Saturday, February 09, 2019

Eat Bake Love: Schneewittchentorte (Snow White Cake)

If you remember your fairy tales from your childhood, you'll remember that Snow White had skin as white as snow, lips as red as blood, hair black as coal.  This cake follows that color scheme in a delicious way.  And while lovely in its coloration, the cake is actually delicious and rather light, all considered.  This makes a pretty big cake, so be prepared with hungry people.  And the cookies on top are totally optional, but they soften nicely after a brief period in the refrigerator.

Note: The original recipe used raspberry drink powder to flavor the raspberry layer.  Since I couldn't find any raspberry-flavored Fraix online (and raspberry Kool Aid only comes in blue), I improvised with some freeze-dried raspberries and extra sugar.  Feel free to use 1 (100-gram) envelope of raspberry Fraix if you can find it, but you will need to reduce the sugar in the filling to 2 tablespoons.

Schneewittchentorte (Snow White Cake)
Adapted from Eat Bake Love blog

Sponge cake:
4 large eggs
160 grams granulated sugar
75 grams all-purpose flour
3 tablespoons cocoa powder
65 grams cornstarch
1 pinch baking powder

Raspberry layer:
1 (1.3-ounce) package freeze-dried raspberries, ground into powder and seeds sifted out (about 2 tablespoons powdered raspberries)
2 cups water
½ cup granulated sugar
2 (1½-ounce) envelopes Dr. Oetker vanilla pudding powder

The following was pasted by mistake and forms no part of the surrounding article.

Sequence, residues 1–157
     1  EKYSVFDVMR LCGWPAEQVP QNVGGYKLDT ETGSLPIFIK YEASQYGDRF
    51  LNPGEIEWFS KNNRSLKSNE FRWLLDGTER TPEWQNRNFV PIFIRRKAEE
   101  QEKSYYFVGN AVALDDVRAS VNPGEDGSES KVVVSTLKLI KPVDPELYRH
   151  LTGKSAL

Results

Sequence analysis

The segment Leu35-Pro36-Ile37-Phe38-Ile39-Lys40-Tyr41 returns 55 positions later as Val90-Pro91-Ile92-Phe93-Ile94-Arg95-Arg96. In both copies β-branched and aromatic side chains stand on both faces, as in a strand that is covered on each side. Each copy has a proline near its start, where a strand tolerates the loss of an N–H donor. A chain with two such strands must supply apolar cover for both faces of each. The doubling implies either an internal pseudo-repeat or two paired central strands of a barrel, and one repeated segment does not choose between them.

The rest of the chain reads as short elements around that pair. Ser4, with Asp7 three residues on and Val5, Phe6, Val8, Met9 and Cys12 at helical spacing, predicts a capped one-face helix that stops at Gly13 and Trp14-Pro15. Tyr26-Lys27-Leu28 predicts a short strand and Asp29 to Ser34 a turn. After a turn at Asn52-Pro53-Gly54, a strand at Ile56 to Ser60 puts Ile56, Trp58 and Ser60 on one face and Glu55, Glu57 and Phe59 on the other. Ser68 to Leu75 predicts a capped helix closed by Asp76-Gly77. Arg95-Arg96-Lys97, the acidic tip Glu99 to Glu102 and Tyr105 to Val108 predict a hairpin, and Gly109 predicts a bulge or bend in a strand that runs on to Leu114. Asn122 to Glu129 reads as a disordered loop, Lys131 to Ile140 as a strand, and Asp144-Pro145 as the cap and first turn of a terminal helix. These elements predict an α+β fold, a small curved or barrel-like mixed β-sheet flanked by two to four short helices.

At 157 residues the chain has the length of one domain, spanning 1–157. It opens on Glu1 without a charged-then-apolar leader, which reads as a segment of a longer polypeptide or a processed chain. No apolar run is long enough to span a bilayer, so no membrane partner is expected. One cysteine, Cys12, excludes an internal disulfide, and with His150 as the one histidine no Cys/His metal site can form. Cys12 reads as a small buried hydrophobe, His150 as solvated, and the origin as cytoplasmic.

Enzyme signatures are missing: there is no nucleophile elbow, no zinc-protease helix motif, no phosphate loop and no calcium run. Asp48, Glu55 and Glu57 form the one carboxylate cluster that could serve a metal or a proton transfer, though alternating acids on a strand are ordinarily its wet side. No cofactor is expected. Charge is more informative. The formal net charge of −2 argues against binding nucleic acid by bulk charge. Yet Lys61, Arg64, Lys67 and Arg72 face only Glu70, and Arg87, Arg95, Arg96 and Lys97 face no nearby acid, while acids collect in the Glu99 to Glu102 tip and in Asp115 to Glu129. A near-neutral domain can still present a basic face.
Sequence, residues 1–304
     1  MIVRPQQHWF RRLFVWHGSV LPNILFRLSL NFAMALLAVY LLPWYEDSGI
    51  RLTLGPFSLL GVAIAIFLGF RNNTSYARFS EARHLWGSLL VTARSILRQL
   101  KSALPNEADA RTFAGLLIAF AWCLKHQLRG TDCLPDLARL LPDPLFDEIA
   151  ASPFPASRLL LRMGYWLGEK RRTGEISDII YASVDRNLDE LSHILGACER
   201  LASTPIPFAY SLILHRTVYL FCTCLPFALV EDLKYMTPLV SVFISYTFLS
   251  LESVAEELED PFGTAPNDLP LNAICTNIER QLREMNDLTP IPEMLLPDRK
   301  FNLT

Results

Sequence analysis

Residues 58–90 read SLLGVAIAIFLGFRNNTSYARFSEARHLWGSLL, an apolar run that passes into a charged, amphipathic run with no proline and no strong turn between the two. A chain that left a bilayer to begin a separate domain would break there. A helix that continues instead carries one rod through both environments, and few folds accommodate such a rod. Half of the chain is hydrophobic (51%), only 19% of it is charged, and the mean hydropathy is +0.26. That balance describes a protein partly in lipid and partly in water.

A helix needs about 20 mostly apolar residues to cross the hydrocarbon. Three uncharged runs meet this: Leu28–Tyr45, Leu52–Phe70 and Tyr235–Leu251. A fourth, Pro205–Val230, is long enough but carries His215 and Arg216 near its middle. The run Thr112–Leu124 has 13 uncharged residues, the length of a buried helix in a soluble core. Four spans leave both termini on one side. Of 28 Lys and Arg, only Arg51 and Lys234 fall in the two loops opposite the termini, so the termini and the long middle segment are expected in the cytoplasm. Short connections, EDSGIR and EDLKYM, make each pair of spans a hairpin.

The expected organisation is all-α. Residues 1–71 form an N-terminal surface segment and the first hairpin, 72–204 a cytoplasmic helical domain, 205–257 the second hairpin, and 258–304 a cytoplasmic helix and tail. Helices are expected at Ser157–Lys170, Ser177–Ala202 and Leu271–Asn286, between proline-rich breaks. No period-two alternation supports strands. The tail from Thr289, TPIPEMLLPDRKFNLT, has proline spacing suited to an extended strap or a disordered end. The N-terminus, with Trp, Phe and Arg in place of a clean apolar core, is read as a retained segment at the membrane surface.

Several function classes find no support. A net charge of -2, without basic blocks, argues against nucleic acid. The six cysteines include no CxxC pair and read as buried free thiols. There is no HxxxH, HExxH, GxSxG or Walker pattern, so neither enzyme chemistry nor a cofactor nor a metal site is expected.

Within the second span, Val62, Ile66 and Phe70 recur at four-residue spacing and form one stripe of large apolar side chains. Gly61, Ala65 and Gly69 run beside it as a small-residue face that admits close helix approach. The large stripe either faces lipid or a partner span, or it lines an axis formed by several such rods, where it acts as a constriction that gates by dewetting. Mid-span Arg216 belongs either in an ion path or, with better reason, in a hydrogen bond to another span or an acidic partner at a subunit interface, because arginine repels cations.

18 ounces fresh raspberries

Whipped cream layer:
3 cups heavy cream
6 tablespoon powdered sugar
3 (0.35-ounce) envelopes Dr. Oetker Whip It! whipped cream stabilizer
1 teaspoon vanilla bean paste
1 (7-ounce) package butter biscuit cookies (such as Leibniz)

Preheat oven to 350°F.  Butter a deep jelly roll pan (about 10x15 inches).

For the sponge cake, separate the egg whites and yolks and beat the egg whites until stiff. Slowly sprinkle in the sugar, then stir in the egg yolks. Sift the flour, cocoa powder, cornstarch, and baking powder together, then fold into the egg mixture. Pour in prepared pan and bake for about 12 minutes.

For the raspberry layer, mix the raspberry powder in a saucepan with the water. First add the sugar, then whisk in the pudding powder. Let boil until the mixture thickens. Stir in the raspberries, let the mixture cool, and then spread on the cooled sponge cake base.

For the cream layer, whip the cream with powdered sugar stabilizer, and vanilla bean paste until stiff, spoon on top of the raspberry filling, and chill the cake. Wait several hours before serving with butter biscuits and sprinkle with powdered sugar, if necessary.

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